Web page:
January 27, 2011
According to data recently released by National Bureau of Statistics, China’s gross domestic product (GDP) reached 39.8 trillion yuan in 2010. Although Japan’s GDP data for 2010 has not been disclosed, it is generally believed that China will overtake Japan to become the world’s second largest economy.
While feeling proud of the splendid achievement, we have to keep a clear head, because having the second largest GDP does not make China the world’s second strongest country.
GDP cannot truly reflect a country’s economic structure and quality, nor can it fully reflect the levels a country’s education, health care and other areas have reached. Compared with developed countries, China is still in the relatively low level of development, and its infrastructure is still weak. Ranking about 100 in the world, China’s per capita GDP has just reached 4,000 U.S. dollars, roughly 10 percent of Japan’s. According to international standards, China is undoubtedly a developing country.
GDP is not the sole criteria in measuring a country’s strength. Both hard and soft power, including economy, technology, military and culture should be taken into account. China is still at the low end in the chain of international division of labor. It is a major exporter but not a country that reaps big profits. It is a major manufacturer but not an innovative power. China ranks 43rd on Global Innovation Index 2010, which is far behind the United States and Japan. China’s influence is relatively limited in the fields of international finance, which is essential in the modern economy.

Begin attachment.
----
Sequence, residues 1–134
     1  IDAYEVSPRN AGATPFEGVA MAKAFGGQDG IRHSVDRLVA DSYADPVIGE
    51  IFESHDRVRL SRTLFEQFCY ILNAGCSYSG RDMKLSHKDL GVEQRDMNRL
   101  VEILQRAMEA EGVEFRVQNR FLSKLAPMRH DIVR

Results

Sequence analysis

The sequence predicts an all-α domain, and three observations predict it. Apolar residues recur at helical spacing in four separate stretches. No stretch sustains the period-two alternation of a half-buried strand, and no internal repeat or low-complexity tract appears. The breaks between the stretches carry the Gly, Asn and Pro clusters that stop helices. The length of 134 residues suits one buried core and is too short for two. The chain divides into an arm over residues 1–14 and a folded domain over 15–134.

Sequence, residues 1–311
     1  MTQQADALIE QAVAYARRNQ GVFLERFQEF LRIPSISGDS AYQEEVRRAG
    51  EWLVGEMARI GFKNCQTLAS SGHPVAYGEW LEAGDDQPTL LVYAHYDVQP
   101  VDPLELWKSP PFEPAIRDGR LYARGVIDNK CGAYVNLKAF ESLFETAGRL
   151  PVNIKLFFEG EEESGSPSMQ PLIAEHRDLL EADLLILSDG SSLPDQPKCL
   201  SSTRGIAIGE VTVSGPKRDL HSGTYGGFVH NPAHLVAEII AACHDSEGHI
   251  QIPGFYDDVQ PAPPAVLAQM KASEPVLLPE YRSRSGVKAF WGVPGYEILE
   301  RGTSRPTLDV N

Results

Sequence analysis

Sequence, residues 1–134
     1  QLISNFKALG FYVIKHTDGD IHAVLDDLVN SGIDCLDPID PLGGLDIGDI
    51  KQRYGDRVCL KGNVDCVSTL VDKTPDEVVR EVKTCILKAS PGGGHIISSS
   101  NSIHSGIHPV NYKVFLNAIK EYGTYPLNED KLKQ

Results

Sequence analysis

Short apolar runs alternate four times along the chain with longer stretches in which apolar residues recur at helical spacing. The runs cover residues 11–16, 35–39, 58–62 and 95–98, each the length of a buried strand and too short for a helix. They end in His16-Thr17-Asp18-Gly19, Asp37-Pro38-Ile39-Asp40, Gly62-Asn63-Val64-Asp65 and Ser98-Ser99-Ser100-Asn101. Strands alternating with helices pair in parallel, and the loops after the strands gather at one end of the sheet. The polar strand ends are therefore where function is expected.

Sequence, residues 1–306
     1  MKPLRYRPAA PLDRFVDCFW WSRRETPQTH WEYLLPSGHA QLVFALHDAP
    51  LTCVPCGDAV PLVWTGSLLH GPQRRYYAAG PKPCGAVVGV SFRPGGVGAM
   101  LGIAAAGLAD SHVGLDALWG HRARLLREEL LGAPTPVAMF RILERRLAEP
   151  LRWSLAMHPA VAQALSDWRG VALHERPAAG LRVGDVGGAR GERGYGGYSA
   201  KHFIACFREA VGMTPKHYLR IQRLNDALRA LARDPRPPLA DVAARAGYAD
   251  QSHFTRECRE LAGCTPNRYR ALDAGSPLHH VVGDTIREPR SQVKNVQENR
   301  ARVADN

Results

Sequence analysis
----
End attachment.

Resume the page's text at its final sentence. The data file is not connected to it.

In today’s world, where the trend of international multi-polarization is quickly developing, a large number of emerging countries are developing robustly . Each country has advantages in different areas, making it increasingly harder to simply rank them. The blend of national interests and interdependence has reached unprecedented levels. On the international stage, no country can be dominant. Face emerging global challenges; it has become an inevitable trend that countries respect each other, share opportunities and meet challenges together.
To become a strong nation, China has a long way to go. Only by improving the quality of economic growth and economic volume together, can China achieve the transition from the manufacturer of “Made in China” goods to “created in China” products and transform from a processing base into a center of innovation.
Facing the brilliant GPD figure, we should neither be complacent nor belittle ourselves. Only by realizing comprehensive, coordinated and sustainable development, can China take on the road of rejuvenation steadily and successfully, making greater contribution to world peace and development.
By People’s Daily Online
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